Recipes for Wellness

Diabetic-Friendly Recipes for the Thanksgiving Holiday

Diabetic Thanksgiving Recipes

November is National Diabetes Awareness Month, and with the Thanksgiving holiday right around the corner, Meagan Mohammadione, RD/LD of the Emory Bariatric Center has put together some tasty diabetic-friendly Thanksgiving recipes and menu items. After you check out her cranberry sauce and casserole recipes, make sure you take a look at the diabetic-friendly Crustless Pumpkin Pie recipe we shared earlier this week!

Diabetic Sweet Potato Casserole Recipe

Casserole Ingredients

– 4 medium sweet potatoes (approximately 2.5 pounds)
– 2 large eggs, slightly beaten
– ½ cup skim milk
– 1 tablespoon extra virgin olive oil
– 1 tablespoon agave nectar
– 2 tablespoons orange zest
– 2 teaspoon vanilla extract
– ½ teaspoon salt

Topping Ingredients

– ½ cup whole-wheat flour
– ½ cup Splenda®, granulated
– ¼ cup orange juice (100% juice)
– 2 tablespoons butter, melted
– ½ cup coarsely chopped pecans


    Diabetic Sweet Potato Casserole Recipe

  1. Peel sweet potatoes and place them in a large saucepan of boiling water. Cover and cook the sweet potatoes over medium heat for approximately 10 to 15 minutes. You will know that they are done when they are tender and soft to touch. Drain sweet potatoes and return them to the saucepan. Mash the sweet potatoes until smooth with a masher or electric mixer.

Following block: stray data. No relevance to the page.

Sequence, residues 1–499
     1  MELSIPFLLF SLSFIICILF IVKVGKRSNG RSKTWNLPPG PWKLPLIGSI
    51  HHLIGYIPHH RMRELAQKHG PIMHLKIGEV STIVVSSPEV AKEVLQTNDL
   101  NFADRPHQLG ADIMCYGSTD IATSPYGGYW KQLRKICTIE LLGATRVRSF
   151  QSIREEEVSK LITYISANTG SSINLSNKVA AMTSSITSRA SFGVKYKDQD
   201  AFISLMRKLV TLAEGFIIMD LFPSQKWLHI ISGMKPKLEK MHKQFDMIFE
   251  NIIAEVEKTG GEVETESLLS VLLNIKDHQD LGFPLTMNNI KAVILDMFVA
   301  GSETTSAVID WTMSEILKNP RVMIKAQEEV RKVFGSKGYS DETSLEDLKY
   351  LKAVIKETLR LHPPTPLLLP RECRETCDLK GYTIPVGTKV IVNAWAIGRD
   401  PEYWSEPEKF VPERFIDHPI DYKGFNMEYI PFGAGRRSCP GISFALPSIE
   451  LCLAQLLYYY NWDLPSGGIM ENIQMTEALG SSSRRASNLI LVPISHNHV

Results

2. Preheat the oven to 350°F. Use cooking spray to coat a 2-quart (approximately 8-inch) square baking dish.
  3. In a medium size bowl, whisk eggs, oil, and agave nectar. Mix in the mashed sweet potatoes. Stir in the milk, orange zest, vanilla extract and salt. Stir until all ingredients are combined. Pour the mixture into the prepared baking dish.
  4. In a small bowl, mix flour, Splenda®, orange juice, melted butter and pecans. Sprinkle the mixture over the sweet potatoes in the baking dish.
  5. Bake uncovered for approximately 30 minutes or until sweet potatoes are heated through and the topping is golden brown in color. The casserole is best when served warm.

Diabetic Cranberry Sauce Recipe


Diabetic Cranberry Sauce Recipe

– 1 cup Splenda®, granulated
– ½ cup water
– 3 cups fresh or frozen cranberries
– 1 Tablespoon orange zest
– 1 teaspoon ginger
– 1 teaspoon cornstarch


  1. Combine cornstarch and water in a medium saucepan until the cornstarch dissolves.